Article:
After my children left home, my husband and I thought of downsizing to Hillsborough, where taxes are a little bit lower. But the historic homes were too big, the small homes in a gentrifying section of town needed too much work, and the new homes in the subdivisions north of town left us uninspired.
Knowing that the most successful moves are to someplace not from someplace, we stayed put.
As I sat in traffic last week, first on U.S. 70 into Hillsborough, then on Churton Street, gratitude for our decision almost overrode the frustration of wasting so much time idling my engine as traffic barely moved through light cycle after light cycle. Hillsborough has grown steadily in the past decade, and town leaders apparently didn’t give serious thought to how all those extra cars and trucks on roads that can’t be widened would impinge on residents’ quality of life.
Those of us sensitive to unintended consequences and willing to learn from the mistakes of other towns seem to find one another. Many of us recently organized ourselves into a formal group to share what we’ve observed and learned. We call ourselves Chapel Hill Alliance for a Livable Town, or CHALT (admittedly, we don’t have a branding expert among our number), and we held our first educational event on Sunday afternoon at the library.
The response overwhelmed us. We ran out of parking spaces, surveys and Rice Krispies Treats. We had exhibits on five main areas that affect the quality of life of our town: traffic and transit, affordable housing, the environment (including stormwater management), a fiscal analysis of new development projects, and town planning and design. People filled out surveys rating which commercial and residential projects contributed the most to the town and weighed in on what budget items they would reduce spending on. We had forms for people to register to vote, but everyone who stopped by was already a registered voter.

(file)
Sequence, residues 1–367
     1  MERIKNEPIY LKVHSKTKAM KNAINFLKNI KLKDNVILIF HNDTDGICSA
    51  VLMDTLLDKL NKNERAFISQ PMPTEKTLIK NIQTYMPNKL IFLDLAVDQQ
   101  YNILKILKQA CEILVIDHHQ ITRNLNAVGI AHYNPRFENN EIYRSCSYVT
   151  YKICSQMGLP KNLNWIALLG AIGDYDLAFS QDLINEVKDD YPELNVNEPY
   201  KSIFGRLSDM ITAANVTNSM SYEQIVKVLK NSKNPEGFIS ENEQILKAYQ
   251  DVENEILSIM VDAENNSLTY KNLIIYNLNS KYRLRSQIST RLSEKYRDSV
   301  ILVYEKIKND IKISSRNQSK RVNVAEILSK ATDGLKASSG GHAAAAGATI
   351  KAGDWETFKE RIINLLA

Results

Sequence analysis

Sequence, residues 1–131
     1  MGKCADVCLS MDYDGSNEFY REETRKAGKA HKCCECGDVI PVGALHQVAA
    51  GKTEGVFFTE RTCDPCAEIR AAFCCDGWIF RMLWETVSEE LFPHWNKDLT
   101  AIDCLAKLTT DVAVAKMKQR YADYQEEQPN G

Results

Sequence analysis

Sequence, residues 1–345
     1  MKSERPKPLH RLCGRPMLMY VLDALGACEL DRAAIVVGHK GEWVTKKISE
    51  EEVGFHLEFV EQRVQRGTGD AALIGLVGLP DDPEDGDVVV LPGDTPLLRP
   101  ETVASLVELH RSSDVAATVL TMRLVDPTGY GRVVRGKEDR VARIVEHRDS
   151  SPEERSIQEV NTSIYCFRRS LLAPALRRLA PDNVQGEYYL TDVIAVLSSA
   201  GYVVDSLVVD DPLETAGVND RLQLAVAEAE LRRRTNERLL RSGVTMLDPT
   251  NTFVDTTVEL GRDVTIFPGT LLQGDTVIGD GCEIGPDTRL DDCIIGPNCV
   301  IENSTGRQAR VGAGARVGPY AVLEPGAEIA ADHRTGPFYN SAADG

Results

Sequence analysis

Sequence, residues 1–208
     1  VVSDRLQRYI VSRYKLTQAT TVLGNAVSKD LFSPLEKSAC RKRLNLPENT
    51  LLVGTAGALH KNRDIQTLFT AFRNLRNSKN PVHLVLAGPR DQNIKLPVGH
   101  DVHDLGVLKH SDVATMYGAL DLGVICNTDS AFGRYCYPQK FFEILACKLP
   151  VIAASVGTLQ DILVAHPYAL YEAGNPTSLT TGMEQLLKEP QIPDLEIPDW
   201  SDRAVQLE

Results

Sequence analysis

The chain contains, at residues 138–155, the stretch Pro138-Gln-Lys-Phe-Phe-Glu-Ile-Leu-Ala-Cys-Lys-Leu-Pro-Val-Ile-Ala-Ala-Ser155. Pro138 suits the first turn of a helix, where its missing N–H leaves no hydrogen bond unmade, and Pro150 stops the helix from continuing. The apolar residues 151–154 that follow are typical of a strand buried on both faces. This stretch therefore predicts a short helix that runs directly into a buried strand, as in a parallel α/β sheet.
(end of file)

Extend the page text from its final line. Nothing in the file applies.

The exhibits sparked many interesting conversations. People could see how each area impacted all the others. When the town adds something in one area, what does it cost the other areas in terms of increased risk of flooding, for instance, or higher property taxes or longer waits for a bus? If the town spends more on servicing new developments, what cuts will it make in the budget, or where will it generate more revenue? What can council members do to shape new developments to ensure that the people who live here benefit and that a development’s impact is worth the cost to taxpayers?
CHALT’s next event will be held 3-5 p.m. on Feb. 19, at the library in Room A. CHALT will host a talk by an affordable housing expert on March 18, 5-7 p.m., at the library. All CHALT programs are free and open to the public.
Learn more at CHALT.org, where you also can sign up to receive a free subscription to our newsletter, emailed direct to your computer.
– Nancy Oates